A conversation with a honeybee (Part 1)

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In honour of World Honeybee Day on August 18, let’s imagine what a honeybee might say if it had the chance to chat with a human*.

On a hot summer day, after working long hours in my garden — taking care of my flowers and vegetables —  I decided to rest in the shade of my apple tree and read a few pages. No sooner had I sat down when a little bee fell onto my book. I heard her crying for help, “Please, somebody help me. Help!”

I answered, “I’m here, are you OK?” She was breathing heavily and looked exhausted. “Maybe you’re having a heat stroke, you must be dehydrated!” I said. “Just wait here a second.”

I went quickly to bring some water — mixed with honey — and poured a few drops into a spoon near the bee.

“Oh, honey!” she said. “Thank you, I love it. Is this the heated honey humans eat?”

“Yes, this is pasteurized honey,” I replied. “Very young children and those with weaker immune systems should consume pasteurized honey, due to a very small chance of botulism. But I also use raw local honey. I’m sure you must eat it every day.”

She looked at me with a disappointed face. “I wish! Not as much as I’d like to,” she said. “Every year, my colony produces two to three times more raw honey than that we need, but I am often too busy to eat it. I spend a lot of time locating and selecting flowers and collecting pollen. I can’t miss pollinating those flowers on plants and trees, otherwise there won’t be fruits for people to eat, like the apples on your tree. Luckily, our keepers provide enough sugary solutions to supplement my diet and I have two stomachs. One stomach to eat, and the other to process nectar before delivering it to the specialized honeybees — who place it in waxy honey combs where they dry it with their wings.”[1]

She lost her breath a bit. I replied, “Easy…relax. I’m sure you can eat as much as you want when you go back to rest in the hive.”

But she continued, “Then, my colleagues and I have all these meetings and executive briefings with the queen to improve productivity. After that, we attend to the baby larvae, produce propolis for repairs to the hive, and tidy up the rooms to avoid contamination. Imagine all that — while foraging outside in the unknown!"[2]

“A very demanding job indeed!” I agreed. “Honeybees are great co-workers for people, producing fruits and vegetables. A third of all the food on the planet is dependent on bee pollination efforts!"[3]

She proudly added: “We are the only insects that make edible substances for humans, including honey, pollen, wax, royal jelly, and even propolis. The high quality of our products is thanks to our sophisticated business model, diverse expertise, and the excellent management of our colonies.”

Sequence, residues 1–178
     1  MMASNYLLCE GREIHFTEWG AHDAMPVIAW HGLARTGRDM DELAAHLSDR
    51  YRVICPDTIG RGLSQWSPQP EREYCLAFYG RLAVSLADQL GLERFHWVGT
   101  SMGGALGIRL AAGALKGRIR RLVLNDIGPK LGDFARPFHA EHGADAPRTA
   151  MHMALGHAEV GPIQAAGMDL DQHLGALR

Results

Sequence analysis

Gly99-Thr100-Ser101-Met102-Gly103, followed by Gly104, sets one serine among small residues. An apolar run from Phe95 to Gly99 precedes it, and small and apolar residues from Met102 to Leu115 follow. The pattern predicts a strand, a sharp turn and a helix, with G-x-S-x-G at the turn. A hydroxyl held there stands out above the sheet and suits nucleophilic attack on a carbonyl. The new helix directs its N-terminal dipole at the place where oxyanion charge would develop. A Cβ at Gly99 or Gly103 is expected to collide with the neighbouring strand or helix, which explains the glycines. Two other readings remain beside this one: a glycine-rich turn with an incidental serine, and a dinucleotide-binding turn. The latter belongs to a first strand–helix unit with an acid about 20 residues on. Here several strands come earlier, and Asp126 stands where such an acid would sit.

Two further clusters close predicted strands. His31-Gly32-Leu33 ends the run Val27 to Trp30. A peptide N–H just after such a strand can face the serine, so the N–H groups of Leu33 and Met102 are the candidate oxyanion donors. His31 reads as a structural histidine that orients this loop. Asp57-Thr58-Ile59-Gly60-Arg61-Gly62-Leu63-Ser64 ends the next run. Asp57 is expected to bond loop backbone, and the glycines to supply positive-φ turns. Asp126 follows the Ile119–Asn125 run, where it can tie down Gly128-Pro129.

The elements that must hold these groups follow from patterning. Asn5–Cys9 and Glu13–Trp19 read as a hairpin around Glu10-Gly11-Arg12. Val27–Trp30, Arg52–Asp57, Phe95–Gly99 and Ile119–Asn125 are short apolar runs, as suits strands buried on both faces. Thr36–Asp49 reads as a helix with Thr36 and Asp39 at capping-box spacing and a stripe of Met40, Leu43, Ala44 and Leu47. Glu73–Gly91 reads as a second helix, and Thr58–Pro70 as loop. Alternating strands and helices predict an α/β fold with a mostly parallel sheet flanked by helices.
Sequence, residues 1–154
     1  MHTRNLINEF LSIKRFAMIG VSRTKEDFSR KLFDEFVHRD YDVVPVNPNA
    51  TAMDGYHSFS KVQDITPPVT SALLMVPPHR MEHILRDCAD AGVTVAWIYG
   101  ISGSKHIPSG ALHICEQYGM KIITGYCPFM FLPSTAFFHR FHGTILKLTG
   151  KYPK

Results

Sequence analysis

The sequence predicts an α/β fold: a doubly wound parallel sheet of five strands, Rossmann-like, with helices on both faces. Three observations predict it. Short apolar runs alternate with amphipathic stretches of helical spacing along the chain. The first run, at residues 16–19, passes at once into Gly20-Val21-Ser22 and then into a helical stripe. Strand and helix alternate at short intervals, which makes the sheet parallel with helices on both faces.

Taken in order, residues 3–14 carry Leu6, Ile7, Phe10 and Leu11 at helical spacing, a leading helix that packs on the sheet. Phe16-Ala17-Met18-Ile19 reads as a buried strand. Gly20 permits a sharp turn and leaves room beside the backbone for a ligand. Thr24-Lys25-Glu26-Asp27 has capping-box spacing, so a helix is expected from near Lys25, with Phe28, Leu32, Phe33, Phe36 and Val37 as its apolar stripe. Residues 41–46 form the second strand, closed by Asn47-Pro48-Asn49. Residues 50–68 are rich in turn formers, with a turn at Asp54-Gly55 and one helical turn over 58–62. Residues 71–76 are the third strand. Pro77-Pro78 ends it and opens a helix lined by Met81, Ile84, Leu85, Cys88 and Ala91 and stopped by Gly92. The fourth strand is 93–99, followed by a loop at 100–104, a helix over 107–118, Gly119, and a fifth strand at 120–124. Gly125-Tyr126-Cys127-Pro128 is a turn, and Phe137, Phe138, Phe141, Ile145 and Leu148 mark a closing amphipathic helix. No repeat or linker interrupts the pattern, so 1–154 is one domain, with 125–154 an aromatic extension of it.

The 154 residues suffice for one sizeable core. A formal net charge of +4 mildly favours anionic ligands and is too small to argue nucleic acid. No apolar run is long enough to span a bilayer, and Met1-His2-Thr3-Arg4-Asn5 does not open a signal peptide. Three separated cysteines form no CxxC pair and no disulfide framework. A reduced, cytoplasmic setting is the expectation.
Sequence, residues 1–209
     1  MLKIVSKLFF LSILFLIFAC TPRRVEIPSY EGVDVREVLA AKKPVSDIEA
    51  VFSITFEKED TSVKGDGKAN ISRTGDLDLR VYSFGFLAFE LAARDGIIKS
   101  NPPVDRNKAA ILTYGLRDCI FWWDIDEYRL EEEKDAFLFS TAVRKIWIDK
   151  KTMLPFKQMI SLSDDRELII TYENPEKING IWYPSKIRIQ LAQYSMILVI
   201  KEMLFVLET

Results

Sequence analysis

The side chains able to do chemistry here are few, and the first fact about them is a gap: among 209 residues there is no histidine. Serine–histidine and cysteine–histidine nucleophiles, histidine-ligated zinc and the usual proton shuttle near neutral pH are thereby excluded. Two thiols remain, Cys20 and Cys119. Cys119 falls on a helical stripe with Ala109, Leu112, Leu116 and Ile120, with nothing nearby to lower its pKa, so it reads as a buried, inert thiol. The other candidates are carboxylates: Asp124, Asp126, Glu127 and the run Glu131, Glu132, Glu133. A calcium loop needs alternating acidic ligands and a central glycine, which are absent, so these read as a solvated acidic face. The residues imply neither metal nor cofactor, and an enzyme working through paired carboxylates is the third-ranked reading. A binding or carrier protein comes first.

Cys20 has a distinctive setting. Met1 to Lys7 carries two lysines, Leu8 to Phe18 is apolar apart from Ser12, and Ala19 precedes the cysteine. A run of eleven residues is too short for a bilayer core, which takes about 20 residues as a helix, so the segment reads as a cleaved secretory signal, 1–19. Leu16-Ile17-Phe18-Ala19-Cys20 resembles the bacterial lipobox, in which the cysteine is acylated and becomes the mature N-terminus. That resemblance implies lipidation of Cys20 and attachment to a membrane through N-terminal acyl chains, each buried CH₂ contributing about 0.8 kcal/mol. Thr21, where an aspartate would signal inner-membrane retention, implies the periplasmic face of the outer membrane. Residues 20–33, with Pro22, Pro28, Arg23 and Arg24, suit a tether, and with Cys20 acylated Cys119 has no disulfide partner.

“That’s great,” I replied. “I have also heard that you may have advanced mathematic skills, and some scientists describe your organized society as a superorganism."[4]

Suddenly, I felt something itchy on my leg. The honeybee looked anxious and said, “You seem distracted; I should go. I have so much work and a very long list of things to do.” She floated away slowly.

 “Please wait!” I called out. “Let me serve you some raw honey; you did say it’s your favourite.”

My vision blurred and my skin continued to itch. I blinked, and found myself under the tree — with several mosquitos biting me. Had it all been a dream?

(To be continued…) Check back on our website tomorrow for the rest of this story.

*Disclaimer: The views and opinions expressed in this article are those of the author, they don’t reflect the official position of The Canada Agriculture and Food Museum, or bees in general. However, all scientific information used in this text is referenced from the resources listed below.

[1] ML Winston, The Biology of the Honey Bee (1991).

[2] TD Seeley, The Wisdom of the Hive: The Social Physiology of Honey Bee Colonies (2009).

[3] MA Aizen and LD Harder, "The Global Stock of Domesticated Honey Bees is Growing Slower than Agricultural Demand for Pollination," Current Biology (2009).

[4] TD Seeley, "The honey bee colony as a superorganism," American Scientist (1989).

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Sarah I.K.M. King, Eng., PhD

Sarah I.K.M. King brings a wealth of entrepreneurial, academic, and industrial experience to the Canada Agriculture and Food Museum. In her role as Science Advisor, she offers strategic advice and guides teams in the establishment of science communication strategies. She also participates in the development and delivery of knowledge transfer, new exhibitions, digital projects, public and educational programs. Before joining the museum, Sarah worked as an agri-food engineer and senior consultant, where she led the foundation of a consulting agency, developed corporate training and advisory services to agri-food businesses and investors, and conducted market research and financial analysis. After earning her MSc in Agri-Food Engineering from Université Laval, Sarah pursued a PhD in Experimental Medicine at McGill University — where she managed several multidisciplinary research projects on the design of novel nutraceuticals with potential against cancer and chronic diseases. She was also a member of an agri-food products committee at the Standards Council of Canada. Within the community, she has contributed her time and expertise to non-profit organizations that promote social safety and well-being, including Community Mediation Ottawa and Educate and Feed Communities Foundation. Sarah loves to spending time with her family, hiking and trying new recipes. With her daughter she enjoys leaning piano and reading books.